Saturday, October 17, 2015

The "stabbing intifada": The historical background


















Some historical background by Jeffrey Goldberg on the current violence in Israel:

In September of 1928, a group of Jewish residents of Jerusalem placed a bench in front of the Western Wall of the Temple Mount, for the comfort of elderly worshipers. They also brought with them a wooden partition, Jerusalem’s Muslim leaders treated the introduction of furniture into the alleyway in front of the Wall as a provocation, part of a Jewish conspiracy to slowly take control of the entire Temple Mount. Many of the leaders of Palestine’s Muslims believed—or claimed to believe— that Jews had manufactured a set of historical and theological connections to the Western Wall and to the Mount, the site of the al-Aqsa mosque and the Dome of the Rock, in order to advance the Zionist project. 

This belief defied Muslim history—the Dome of the Rock was built by Jerusalem’s Arab conquerors on the site of the Second Jewish Temple in order to venerate its memory (the site had previously been defiled by Jerusalem’s Christian rulers as a kind of rebuke to Judaism, the despised mother religion of Christianity). Jews themselves consider the Mount itself to be the holiest site in their faith. The Western Wall, a large retaining wall from the Second Temple period, is sacred only by proxy.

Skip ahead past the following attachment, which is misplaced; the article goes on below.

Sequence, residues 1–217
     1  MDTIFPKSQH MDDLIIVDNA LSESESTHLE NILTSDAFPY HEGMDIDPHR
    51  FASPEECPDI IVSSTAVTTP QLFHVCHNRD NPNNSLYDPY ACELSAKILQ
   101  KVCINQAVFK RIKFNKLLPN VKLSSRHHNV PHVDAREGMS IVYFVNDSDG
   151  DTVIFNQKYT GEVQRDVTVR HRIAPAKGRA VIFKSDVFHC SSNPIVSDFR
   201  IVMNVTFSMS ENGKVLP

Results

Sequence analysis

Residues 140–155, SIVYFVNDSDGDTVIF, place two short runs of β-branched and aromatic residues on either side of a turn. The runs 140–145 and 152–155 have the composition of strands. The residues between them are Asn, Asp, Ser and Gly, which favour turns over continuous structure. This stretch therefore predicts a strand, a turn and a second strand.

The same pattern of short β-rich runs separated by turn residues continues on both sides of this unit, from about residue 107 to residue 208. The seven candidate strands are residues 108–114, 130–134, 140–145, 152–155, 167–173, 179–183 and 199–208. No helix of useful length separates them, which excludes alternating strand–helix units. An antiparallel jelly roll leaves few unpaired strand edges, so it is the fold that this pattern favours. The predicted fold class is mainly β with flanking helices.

The spiritual leader of Palestine’s Muslims, the mufti of Jerusalem, Amin al Husseini, incited Arabs in Palestine against their Jewish neighbors by arguing that Islam itself was under threat. (Husseini would later become one of Hitler’s most important Muslim allies.) 

Jews in British-occupied Palestine responded to Muslim invective by demanding more access to the Wall, sometimes holding demonstrations at the holy site. By the next year, violence directed against Jews by their neighbors had become more common: Arab rioters took the lives of 133 Jews that summer; British forces killed 116 Arabs in their attempt to subdue the riots. In Hebron, a devastating pogrom was launched against the city ’s ancient Jewish community after Muslim officials distributed fabricated photographs of a damaged Dome of the Rock, and spread the rumor that Jews had attacked the shrine. The current “stabbing Intifada” now taking place in Israel—a quasi-uprising in which young Palestinians have been trying, and occasionally succeeding, to kill Jews with knives—is prompted in good part by the same set of manipulated emotions that sparked the anti-Jewish riots of the 1920s: a deeply felt desire on the part of Palestinians to “protect” the Temple Mount from Jews...

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